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Topics - Blue_and_Gold

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General Discussion / Retained list
« on: May 20, 2022, 11:52:27 AM »
Courtesy of the Lynn News:

The Linnets have released the quartet of Joe Gascoigne, Jak Hickman, Arthur Iontton and Cameron King.

The club remain in contract negotiations with the "big four" of Ross Barrows, Michael Clunan, Aaron Jones and Paul Jones, for next season.

Grapevine around the Leagues is saying that the only one likely to stay is Paul Jones, but time will tell on that one.  :dontknow:

Some Clubs still appear to be offering silly money to get the signatures of the players they want.

General Discussion / The Queen's Speech.
« on: May 10, 2022, 01:13:44 PM »

Independent football regulator.

This bill will create a new independent regulator of English football, instead of the FA.
It will protect clubs' long-term financial sustainability in the interests of clubs and fans.
The regulator would also make sure stewards are fit to practice and protect changes to logos, branding, kits and emblems to protect clubs' heritage.

General Discussion / Happy.....
« on: May 04, 2022, 12:37:30 PM »
..........Star Wars day.

May the 4th be with you.    :laughcry:


General Discussion / Lynn win
« on: May 02, 2022, 05:16:50 PM »
3-0 away win for the Linnets.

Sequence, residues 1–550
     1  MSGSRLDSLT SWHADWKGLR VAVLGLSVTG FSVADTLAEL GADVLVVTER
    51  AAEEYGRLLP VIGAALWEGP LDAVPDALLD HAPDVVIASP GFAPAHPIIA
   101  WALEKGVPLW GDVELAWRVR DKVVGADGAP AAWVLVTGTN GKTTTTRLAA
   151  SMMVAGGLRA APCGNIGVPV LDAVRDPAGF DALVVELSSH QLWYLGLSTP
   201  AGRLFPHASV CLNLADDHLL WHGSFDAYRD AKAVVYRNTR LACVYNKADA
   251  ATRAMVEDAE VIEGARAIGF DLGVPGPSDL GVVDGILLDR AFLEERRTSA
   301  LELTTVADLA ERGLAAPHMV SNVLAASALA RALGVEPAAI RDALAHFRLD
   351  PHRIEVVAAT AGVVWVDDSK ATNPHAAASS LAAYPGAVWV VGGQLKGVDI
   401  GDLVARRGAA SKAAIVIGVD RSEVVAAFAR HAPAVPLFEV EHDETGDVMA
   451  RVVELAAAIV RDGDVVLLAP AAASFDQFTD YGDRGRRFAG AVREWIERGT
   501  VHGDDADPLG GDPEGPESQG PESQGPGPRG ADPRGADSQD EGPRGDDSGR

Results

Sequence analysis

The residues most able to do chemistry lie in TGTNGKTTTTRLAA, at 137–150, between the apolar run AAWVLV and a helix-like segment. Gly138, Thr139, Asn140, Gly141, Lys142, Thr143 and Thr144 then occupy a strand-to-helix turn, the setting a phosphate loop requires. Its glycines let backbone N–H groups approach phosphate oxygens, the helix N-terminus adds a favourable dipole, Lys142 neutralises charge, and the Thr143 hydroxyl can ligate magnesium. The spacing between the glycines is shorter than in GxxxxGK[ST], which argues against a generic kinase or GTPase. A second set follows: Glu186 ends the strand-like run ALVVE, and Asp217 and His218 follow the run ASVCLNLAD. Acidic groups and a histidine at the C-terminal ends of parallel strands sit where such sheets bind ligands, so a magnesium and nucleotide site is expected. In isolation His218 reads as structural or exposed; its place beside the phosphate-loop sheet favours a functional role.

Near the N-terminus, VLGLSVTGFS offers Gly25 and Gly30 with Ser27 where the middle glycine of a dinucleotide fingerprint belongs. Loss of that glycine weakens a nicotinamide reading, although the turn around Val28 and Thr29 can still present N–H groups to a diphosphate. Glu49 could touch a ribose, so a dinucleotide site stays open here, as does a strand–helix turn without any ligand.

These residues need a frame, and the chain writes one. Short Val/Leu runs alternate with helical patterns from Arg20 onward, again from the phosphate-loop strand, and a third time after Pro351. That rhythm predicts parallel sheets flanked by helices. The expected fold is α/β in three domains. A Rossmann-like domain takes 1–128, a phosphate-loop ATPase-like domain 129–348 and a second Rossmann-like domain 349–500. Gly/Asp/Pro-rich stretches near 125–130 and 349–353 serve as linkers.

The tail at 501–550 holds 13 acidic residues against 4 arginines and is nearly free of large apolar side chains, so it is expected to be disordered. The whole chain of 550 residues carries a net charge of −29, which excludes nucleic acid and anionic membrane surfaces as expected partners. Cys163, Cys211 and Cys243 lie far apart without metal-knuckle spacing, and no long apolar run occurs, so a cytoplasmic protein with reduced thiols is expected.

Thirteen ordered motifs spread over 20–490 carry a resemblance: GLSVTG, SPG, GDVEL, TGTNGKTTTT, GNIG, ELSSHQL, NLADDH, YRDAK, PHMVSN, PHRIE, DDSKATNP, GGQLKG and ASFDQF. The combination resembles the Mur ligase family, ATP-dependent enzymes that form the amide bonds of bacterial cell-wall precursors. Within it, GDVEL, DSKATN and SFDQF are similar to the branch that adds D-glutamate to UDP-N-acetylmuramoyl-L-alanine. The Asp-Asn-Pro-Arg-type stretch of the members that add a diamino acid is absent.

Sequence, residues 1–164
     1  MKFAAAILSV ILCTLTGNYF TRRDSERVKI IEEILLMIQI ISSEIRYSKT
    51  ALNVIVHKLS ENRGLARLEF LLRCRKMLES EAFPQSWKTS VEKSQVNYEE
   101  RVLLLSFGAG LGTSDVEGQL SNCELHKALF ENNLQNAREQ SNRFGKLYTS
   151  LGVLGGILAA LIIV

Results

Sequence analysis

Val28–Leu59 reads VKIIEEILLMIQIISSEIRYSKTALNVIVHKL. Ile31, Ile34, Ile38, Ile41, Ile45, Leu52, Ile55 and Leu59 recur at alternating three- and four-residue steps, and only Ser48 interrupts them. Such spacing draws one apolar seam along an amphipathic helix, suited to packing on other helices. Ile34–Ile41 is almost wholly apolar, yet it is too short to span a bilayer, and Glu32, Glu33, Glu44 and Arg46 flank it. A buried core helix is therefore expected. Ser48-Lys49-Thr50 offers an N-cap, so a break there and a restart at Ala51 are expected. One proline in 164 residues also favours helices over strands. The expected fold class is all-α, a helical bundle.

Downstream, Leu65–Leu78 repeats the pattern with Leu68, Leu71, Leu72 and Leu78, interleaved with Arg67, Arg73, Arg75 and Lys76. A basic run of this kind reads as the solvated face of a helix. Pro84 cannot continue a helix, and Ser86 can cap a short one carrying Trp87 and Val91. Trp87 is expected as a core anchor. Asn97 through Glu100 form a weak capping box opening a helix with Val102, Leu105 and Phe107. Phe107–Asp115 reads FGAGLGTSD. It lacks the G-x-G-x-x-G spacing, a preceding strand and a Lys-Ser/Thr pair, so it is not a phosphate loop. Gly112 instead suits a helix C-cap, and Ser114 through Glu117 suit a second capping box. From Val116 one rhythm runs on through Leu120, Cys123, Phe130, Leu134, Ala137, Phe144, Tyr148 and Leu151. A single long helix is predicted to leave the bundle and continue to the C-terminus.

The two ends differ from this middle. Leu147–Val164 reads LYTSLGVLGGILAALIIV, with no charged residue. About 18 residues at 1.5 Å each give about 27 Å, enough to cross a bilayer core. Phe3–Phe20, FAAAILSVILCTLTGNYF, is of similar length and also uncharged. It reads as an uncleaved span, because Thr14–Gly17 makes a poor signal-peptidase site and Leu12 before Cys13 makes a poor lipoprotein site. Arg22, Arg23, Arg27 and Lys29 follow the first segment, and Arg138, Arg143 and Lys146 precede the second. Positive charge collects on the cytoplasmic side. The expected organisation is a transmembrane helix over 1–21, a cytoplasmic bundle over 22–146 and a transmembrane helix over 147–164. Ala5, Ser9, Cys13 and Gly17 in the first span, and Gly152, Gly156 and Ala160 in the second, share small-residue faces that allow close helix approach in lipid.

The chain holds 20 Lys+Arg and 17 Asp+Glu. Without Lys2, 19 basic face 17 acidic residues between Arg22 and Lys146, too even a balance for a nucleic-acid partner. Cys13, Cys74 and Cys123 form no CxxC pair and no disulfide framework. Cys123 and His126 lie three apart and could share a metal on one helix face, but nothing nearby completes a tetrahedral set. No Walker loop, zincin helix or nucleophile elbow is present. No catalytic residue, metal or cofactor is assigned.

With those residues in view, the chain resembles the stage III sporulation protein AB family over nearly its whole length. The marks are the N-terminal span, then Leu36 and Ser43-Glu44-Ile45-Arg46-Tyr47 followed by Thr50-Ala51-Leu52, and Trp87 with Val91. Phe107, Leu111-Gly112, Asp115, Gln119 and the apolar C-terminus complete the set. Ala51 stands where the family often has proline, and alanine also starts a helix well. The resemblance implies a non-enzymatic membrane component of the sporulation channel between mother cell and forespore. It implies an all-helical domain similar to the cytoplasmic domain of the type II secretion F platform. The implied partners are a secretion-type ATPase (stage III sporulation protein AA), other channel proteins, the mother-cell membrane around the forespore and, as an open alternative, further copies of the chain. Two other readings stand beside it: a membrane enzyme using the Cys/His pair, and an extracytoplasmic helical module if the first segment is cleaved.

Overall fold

General Discussion / Tommy talk
« on: April 30, 2022, 08:00:50 PM »

All sounds fair enough to me, although surprised that still plans to be full time next season.

General Discussion / Down but not out.
« on: April 30, 2022, 04:58:43 PM »
Lynn's battling performance see's a 3-3 draw against Eastleigh.

Not enough to avoid relegation and a return to the NLN, with Aldershot achieving a fine 3-1 win against County today.

"King's Lynn Town's improvement in the second half of the season came too little, too late as their two-year stay in the National League was ended at The Walks".

I couldn't agree more. Damage was done by the Management team first half of the season. Tommy has had a good go at it since he's been here and I think he'll do a good job next season. Lots of things at the Club need to be looked at for him to be able to do that, but it seems things are finally happening at the Walks now, even if it is a case of better late than never.

Fingers crossed they all work together when the new Sales Director joins, and he'll get a team behind him that really work for the Club's benefit, and a team that's capable of doing the job in hand.

So, is it a bounce right back next season, or would a year of consolidation and catching our breath be better before we try again?   :dontknow:

General Discussion / Cleeve article
« on: April 30, 2022, 10:08:06 AM »
It is very likely at the National League’s AGM in June that salary caps will be the main talking point.
Various options were put to clubs, including a hard cap (a fixed maximum amount clubs can spend on players' wages), soft caps and even a concept based on the USA baseball system that Woking FC owner John Katz threw into the mix.
All have their plus and minus points, but currently you are allowed to spend what you like on player wages, although this is highly likely to change. One of the main protagonists against any sort of cap is the PFA, who are essentially a trade union for players and retain charitable status. Clearly, any caps mean less money for players and hence less money for their members, so they are diametrically opposed to caps being installed.
The National League has a pretty good record of looking after its clubs; I cannot remember a club going bust recently under their watch. We already must submit returns on a quarterly basis; PAYE and VAT payments are monitored monthly, allowing the league to step in quickly at the first signs of trouble ahead.